One of the mysteries of the English language finally explained.
The state or fact of being an octogenarian. rare.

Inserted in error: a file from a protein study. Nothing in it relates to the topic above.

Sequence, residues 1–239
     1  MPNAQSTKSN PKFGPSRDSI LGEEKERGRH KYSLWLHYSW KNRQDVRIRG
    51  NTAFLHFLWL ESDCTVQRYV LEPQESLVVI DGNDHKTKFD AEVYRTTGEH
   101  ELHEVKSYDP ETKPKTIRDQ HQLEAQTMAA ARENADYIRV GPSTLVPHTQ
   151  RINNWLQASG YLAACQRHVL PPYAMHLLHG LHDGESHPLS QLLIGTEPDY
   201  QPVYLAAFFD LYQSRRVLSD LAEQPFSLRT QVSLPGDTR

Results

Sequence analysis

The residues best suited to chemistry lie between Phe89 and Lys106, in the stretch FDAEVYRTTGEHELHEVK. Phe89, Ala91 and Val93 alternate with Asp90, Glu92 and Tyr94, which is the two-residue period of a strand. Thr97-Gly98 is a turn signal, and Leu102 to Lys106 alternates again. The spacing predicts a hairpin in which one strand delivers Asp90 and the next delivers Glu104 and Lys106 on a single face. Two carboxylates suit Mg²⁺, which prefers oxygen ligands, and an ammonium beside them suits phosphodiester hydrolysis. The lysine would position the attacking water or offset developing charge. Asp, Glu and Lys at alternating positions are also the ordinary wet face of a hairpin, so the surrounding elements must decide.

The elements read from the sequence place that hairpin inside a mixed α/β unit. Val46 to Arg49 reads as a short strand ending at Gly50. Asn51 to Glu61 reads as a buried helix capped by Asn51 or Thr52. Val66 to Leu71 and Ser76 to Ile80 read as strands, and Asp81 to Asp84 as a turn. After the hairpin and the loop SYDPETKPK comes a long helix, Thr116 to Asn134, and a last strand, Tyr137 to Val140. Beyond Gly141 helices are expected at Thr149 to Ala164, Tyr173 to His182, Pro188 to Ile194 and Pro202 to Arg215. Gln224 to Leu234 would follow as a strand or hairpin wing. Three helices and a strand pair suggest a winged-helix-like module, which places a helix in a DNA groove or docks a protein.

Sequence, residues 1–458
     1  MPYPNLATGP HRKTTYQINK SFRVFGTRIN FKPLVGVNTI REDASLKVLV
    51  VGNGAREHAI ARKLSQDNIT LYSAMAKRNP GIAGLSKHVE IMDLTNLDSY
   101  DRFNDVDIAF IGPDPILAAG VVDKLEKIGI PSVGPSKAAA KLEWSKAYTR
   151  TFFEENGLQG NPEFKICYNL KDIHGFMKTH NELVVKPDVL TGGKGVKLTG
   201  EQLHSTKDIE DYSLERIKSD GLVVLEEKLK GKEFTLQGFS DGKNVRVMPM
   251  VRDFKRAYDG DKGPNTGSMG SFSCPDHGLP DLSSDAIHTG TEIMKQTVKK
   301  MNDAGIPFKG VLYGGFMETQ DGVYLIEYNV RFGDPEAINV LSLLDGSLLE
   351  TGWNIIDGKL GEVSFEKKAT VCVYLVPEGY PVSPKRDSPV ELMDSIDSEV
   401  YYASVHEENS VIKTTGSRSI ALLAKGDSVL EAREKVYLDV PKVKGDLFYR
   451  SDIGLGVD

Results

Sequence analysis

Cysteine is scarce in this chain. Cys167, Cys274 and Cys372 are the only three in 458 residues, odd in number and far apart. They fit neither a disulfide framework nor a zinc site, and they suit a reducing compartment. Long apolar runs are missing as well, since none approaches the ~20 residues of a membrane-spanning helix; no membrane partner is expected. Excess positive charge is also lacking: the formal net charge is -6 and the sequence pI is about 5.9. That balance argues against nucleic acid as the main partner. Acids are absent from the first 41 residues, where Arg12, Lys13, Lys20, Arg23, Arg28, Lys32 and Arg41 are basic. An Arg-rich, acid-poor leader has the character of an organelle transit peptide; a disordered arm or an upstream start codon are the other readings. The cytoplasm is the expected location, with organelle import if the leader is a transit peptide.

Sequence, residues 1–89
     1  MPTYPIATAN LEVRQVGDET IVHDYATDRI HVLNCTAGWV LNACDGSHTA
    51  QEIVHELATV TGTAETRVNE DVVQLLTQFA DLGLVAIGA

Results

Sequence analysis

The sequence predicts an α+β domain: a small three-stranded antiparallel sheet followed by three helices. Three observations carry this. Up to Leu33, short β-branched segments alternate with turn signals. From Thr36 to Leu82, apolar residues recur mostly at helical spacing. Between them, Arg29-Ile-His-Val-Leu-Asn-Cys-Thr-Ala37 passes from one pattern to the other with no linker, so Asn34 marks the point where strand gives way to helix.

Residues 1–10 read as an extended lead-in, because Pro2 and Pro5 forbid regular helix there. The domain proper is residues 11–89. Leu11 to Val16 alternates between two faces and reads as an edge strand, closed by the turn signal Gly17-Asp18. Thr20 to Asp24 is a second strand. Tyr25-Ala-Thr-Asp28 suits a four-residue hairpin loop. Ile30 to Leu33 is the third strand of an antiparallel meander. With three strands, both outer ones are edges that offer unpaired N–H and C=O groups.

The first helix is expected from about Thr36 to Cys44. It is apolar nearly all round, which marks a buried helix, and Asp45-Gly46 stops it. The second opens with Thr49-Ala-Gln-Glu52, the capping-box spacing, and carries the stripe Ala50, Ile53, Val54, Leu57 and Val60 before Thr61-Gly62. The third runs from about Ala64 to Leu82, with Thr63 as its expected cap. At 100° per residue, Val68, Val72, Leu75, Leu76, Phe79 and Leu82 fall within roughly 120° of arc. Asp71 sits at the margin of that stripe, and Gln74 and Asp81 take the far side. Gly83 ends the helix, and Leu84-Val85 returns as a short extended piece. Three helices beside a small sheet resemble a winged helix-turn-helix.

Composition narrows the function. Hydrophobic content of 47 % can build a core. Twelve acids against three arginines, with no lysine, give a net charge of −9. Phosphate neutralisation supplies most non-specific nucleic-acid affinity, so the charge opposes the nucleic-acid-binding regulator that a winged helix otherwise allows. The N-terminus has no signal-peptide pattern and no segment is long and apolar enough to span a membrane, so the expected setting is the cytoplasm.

Late 17th century (in an earlier sense). From classical Latin octōgēnārius containing eighty, aged eighty, in post-classical Latin also used as noun denoting a person aged eighty from octōgēnī eighty each (from octōgintā eighty (from octo eight + -gintā, suffix forming cardinal numerals from thirty to ninety, related to decem ten: see decem-) + -ēnī, suffix forming distributive adjectives, after e.g. sēnī six apiece, six at a time, six) + -ārius. Compare Middle French, French octogénaire,, Italian ottogenario, † octuagenario, Spanish octogenario.
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